Alphaland is a minimalistic platformer by Jonas Kyratzes where players explore a hidden level inside of a game they’re tasked with testing by a developer friend. Alphaland starts as a simple platformer, but as you descend this odd, listless lost level the game tips over into a surreal experience that touches on themes of existentialism, personification, reification and death.

Stream (Review)

Posted on May 10th, by Jordan Rivas in Reviews, Video Games. 3 comments

Stream is a first-person puzzle-platformer based on flow and environment manipulation through quasi-time control. You run and jump through black and white levels of increasing complexity, increasing the amount of manipulation over the moving elements in the environment as the puzzles become more intricate.

I found Stream by chance and my brief afternoon romp through its three short stages felt appropriately curious; the art direction in Stream is stark, all the rooms are made of black and white, thick edges, minimal gradient and strong shadows. The rooms are large, empty and mostly white through the first two stages. It feels eerily empty, still and quiet. Playing alone in my bedroom at 2:15 in the afternoon, the house quiet, I felt an odd compulsion to poke around this strange colorless world.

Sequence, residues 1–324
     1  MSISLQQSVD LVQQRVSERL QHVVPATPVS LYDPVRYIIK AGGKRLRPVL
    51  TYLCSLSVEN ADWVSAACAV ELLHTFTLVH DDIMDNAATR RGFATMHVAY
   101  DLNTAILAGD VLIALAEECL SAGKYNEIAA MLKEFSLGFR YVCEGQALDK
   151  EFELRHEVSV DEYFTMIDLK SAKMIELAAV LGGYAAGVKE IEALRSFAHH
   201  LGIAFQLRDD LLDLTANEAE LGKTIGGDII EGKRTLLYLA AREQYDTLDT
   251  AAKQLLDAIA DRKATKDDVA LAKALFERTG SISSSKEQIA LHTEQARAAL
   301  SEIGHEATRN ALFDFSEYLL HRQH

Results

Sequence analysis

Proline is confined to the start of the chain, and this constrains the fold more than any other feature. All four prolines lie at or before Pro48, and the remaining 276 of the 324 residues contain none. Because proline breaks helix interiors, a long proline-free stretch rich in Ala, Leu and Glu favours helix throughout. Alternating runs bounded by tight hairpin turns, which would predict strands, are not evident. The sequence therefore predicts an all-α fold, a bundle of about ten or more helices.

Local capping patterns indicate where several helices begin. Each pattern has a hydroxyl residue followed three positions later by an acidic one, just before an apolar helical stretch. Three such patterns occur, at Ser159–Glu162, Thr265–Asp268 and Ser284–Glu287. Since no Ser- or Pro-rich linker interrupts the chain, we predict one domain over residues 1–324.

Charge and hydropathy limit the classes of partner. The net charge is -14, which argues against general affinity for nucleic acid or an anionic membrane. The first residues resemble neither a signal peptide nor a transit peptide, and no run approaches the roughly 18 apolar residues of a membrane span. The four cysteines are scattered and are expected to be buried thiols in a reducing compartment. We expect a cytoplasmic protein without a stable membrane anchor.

It’s not time control — it’s environment control

I think the team behind Stream used the terms “forward”, “rewind” and “pause” for simplicity — they’re recognizable words, but they also connote time control and that’s not what happens in Stream. In Stream most of the objections in a room will move and you have the ability to move them forward along their determined path, reverse that path or stop them entirely. An early example of … Read More »

Halo Reach Review

Posted on September 29th, by Jordan Rivas in Reviews, Video Games. No Comments

Bungie completes the Halo saga, ending it where it all began, and delivering one of the finest first-person shooter experiences ever made

Rainblood: Town of Death Review

Posted on September 17th, by Jordan Rivas in Reviews, Video Games. 3 comments

A stylish, hand-drawn, anime-noir RPG with a compelling story of a lone swordsman in a deserted town.

‘Batman: Under the Red Hood’ Review

Posted on August 17th, by Jordan Rivas in Movies, Reviews. No Comments

The latest offering from the DC Animated Universe, Batman: Under the Red Hood… it misses on only a few marks, and ends up as a dark, mature, Batman animated feature.

Dragon Age: Origins, Grey Warden T-Shirt Review

Posted on August 4th, by Jordan Rivas in Reviews. No Comments

I review the Grey Wardens t-shirt with circle logo from Dragon Age: Origins (from the Bioware store).

Tidalis Review

Posted on July 26th, by Jordan Rivas in Reviews, Video Games. No Comments

I review Tidalis, a puzzle game from Arcen games, and possibly the best indie puzzler I’ve ever played.

The Last Air Bender Review

Posted on July 6th, by Jordan Rivas in Movies, Reviews. No Comments

I might as well title this post, “The Last Airbender barely survives the burning wreck that is M. Night Shyamalan’s career”.